The beautiful theory developed by Thurston, Fried and McMullen provides a near complete picture of the various ways a hyperbolic $3$manifold $M$ can fiber over the circle. Namely, there are distinguished convex cones in the first cohomology $H^1(M;\mathbb{R})$ whose integral points all correspond to fibrations of $M$, and the dynamical features of these fibrations are all encoded by McMullen's ``Teichm\"uller polynomial.''
This talk will describe recent work developing aspects of this picture in the setting of a freebycyclic group $G$. Specifically, I will introduce a polynomial invariant that determines a convex polygonal cone $\mathcal{C}$ in the first cohomology of $G$ whose integral points all correspond to algebraically interesting splittings of $G$. The polynomial invariant additionally provides a wealth of dynamical information about these splittings. This is joint work with Ilya Kapovich and Christopher J. Leininger.
 JONATHAN LEMAIREBEAUCAGE, Université du Québec à Montréal
Leftorderability of the fundamental group of the double branched cover of links [PDF]

In 2011, Boyer, Gordon and Watson stated the following conjecture : An irreducible rational homology 3sphere is an Lspace if and only if its fundamental group is not leftorderable. Ozsvath and Szabo had already shown that the double branched cover of a quasialternating link is an Lspace. In agreement with their conjecture, Boyer, Gordon and Watson showed that the fundamental group of the double branched cover of alternating links, a subset of quasialternating links, is not leftorderable.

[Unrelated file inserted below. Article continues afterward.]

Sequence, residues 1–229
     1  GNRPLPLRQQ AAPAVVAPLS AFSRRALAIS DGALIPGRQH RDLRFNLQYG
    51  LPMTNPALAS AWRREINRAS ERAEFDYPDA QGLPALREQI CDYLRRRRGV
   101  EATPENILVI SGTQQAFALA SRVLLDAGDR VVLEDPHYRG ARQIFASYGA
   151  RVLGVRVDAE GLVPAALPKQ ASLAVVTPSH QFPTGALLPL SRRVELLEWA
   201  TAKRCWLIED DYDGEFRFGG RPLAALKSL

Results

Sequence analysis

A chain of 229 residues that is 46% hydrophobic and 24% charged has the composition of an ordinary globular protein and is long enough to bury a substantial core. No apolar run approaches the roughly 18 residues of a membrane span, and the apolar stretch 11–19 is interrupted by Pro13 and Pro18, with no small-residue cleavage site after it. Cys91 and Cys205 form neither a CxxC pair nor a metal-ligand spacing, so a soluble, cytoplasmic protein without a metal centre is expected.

In this talk, I will discuss work to extend the result of Boyer, Gordon and Watson to nonalternating quasialternating links. In particular, we examine the (non) leftorderabilty of the fundamental group of the double branched cover of every knots of 10 and less crossings. We have also found new infinite families of nonMontesinos, nonalternating, quasialternating knots for which the fundamental group of the double branched cover is not leftorderable.
 TALI PINSKY, UBC
Geodesics on Surfaces, as Knots. [PDF]

In this talk we will consider some topological properties of closed geodesics on a hyperbolic surface. The geodesics can be lifted to the three dimensional unit tangent bundle of the surface, and we will discuss their knot properties therein. In particular we will prove that every such geodesic is a prime knot. Time permitting, we will also describe one of the main tools to study these geodesics, the BirmanWilliams templates.
 JENNY WILSON, University of Chicago
Stability phenomena for sequences of representations of the classical Weyl groups and topological applications [PDF]

Over the past three years, Church, Ellenberg, Farb, and Nagpal developed the theory of FImodules for studying sequences of representations of the symmetric groups. I will outline their work, and explain how it adapts to sequences of representations of any family of classical Weyl groups. We can use this theory to describe the structure of a variety of sequences coming from algebra, geometry, and topology, including the cohomology rings of several families of groups related to the pure braid groups.
 DANIEL WOODHOUSE, McGill
Virtually Special Tubular Groups [PDF]

A graph of groups with $\mathbb{Z}^2$ vertex groups and cyclic edge groups is referred to as a Tubular Group. In a paper of Wise, a necessary and sufficient condition was given for a tubular group to act freely on a CAT(0) cube complex, and a stronger condition for it to act properly and cocompactly. In this talk I will outline recent results that address the question of finite dimensionality and virtual specialness of the cube complex. I will address distortion of codimension 1 subgroups.